Monday, August 02, 2010
The centre for epochal events
The Udayanperoor church, near Kochi, is celebrating its 1500th year. The Synod, which took place in the church in 1599, forever altered the history of Kerala Christians
By Shevlin Sebastian
Buses, cars, and trucks whiz past on the road in front of the Udayanperoor church, 16 kms from Kochi. And not many people who stare at the white-washed church through car windows can imagine that the church is celebrating its 1500th year, making it one of the oldest churches in Kerala.
The year-long festivities were inaugurated on January 17 by Prof. K.V. Thomas, Union Minister of State for Agriculture, and several programmes have been planned for the year. These include a get-together of old parishioners, a retreat for children, a Bible quiz, an inter-religious, as well as an ecumenical meet, and a jubilee rally planned for December. A stamp will also be released by the postal department.
But not all parishioners are happy. Says writer K.P. Joseph, “In 500 AD, one of the kings -- Mar Thoma Villalvattam -- was attracted to Christianity, and became a Christian. He then decided to build the Udayanperoor church. The Hindu kings did not oppose him. This church is a symbol of the secularism inherent in Hindu culture.”
Joseph says that this feature, instead of the religious and spiritual aspects, should have been highlighted. “Secularism is the corner-stone of Indian democracy,” he says. “However, this concept was not taken from the west. Instead, it has been in India for thousands of years.”
Meanwhile, it was inside this church that one of the most significant events of the early Christians in Kerala took place: the Synod of Diamper held in 1599.
The five-day Synod, which began on June 20, was held under the leadership of Aleixo de Menezes, the Portuguese Archbishop of Goa. Around 832 people attended, and this included 153 local priests, 660 laity, and a few others.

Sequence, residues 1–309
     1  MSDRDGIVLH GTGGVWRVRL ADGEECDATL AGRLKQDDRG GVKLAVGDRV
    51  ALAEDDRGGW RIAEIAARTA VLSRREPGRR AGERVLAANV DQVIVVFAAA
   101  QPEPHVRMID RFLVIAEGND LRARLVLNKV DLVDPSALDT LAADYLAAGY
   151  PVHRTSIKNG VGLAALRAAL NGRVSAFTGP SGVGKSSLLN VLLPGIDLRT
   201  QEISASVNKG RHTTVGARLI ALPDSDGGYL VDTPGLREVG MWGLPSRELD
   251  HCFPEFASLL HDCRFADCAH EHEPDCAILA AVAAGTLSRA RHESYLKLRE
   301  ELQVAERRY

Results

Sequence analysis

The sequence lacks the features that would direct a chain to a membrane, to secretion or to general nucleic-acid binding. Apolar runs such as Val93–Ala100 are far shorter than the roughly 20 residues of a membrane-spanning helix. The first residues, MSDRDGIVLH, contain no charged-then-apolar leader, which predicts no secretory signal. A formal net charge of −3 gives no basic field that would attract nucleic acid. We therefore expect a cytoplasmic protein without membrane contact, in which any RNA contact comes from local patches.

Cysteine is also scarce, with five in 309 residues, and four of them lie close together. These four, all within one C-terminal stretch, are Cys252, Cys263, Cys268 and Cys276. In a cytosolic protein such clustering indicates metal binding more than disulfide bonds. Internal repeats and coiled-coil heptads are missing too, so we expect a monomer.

At the Synod, the Archbishop forced the St. Thomas Christians to adopt Western ways of worship. As a result, the Christians were forced to break away from the Chaldean Patriarch, and came under the control of the Latin Archbishopric of Goa. But there was a lot of heartburn over this.
Before the Synod there was little difference in the appearance between the Christians and the Hindus. For example, both wore long hair and carried swords. But Archbishop Menezies insisted that the Christians should keep their hair short, so that they would look different. “He made the women wear chatta (a white blouse) and mundu (dhoti),” says Joseph.
Many historical records, preserved on palm leaves, which highlighted the ancient traditions of the Christians, were burnt by the Archbishop. “Bishop Menezies inflicted a lasting damage, the effects of which are still felt,” says Joseph
On January 3, 1653, another major event occurred. This was known as the Coonan Cross Oath (Koonan Kurishu Satyam). Several thousand St. Thomas Christians, under the leadership of Archdeacon George, jointly held a long rope which was tied to a bent cross (Koonan Kurishu) embedded in the mud at Mattancherry, a suburb of present-day Kochi.
The Christians took an oath saying that they would no longer be under the domination of the Portuguese. This led to a permanent split in the Christian community. The rebels later formed the Malankara Syrian Orthodox, the Mar Thoma, and the Jacobite churches. However, the majority of the St. Thomas Christians continued to recognise the authority of the Portuguese and later, the papal authority at Rome and became known as the Syro-Malabar church.
But on a sunny and humid Monday morning, all this is in the past. The church is silent and empty. It has been converted into a museum. The sacristan K.M. Joseph shows the altar, which is placed three steps higher than where the men sat; and this area is one step higher than the women’s section.
“It showed the hierarchy of power in those days, although nothing has changed much in the present,” says K.P. Joseph, with a smile.
Because there were no loudspeakers in those days, the wooden pulpit is in the middle, placed alongside one wall, so that everybody could hear the priest talking. There are wax figures of the participants at the Synod of Diamper, as well as the Coonan Cross Oath.
Apart from the model of the church placed at one side, there are gold chalices on display, and various books written about the Synod. The tiled roof is held up by teak girders with intricate carvings on it.
It is easy to close one’s eyes and visualise the setting of the Synod, with all the dignitaries present, and the people listening in breathless silence to the stunning proposals put forth by the Archbishop.
Little did the gathering realise that the decisions taken there would reverberate through the centuries.
(The New Indian Express, Chennai)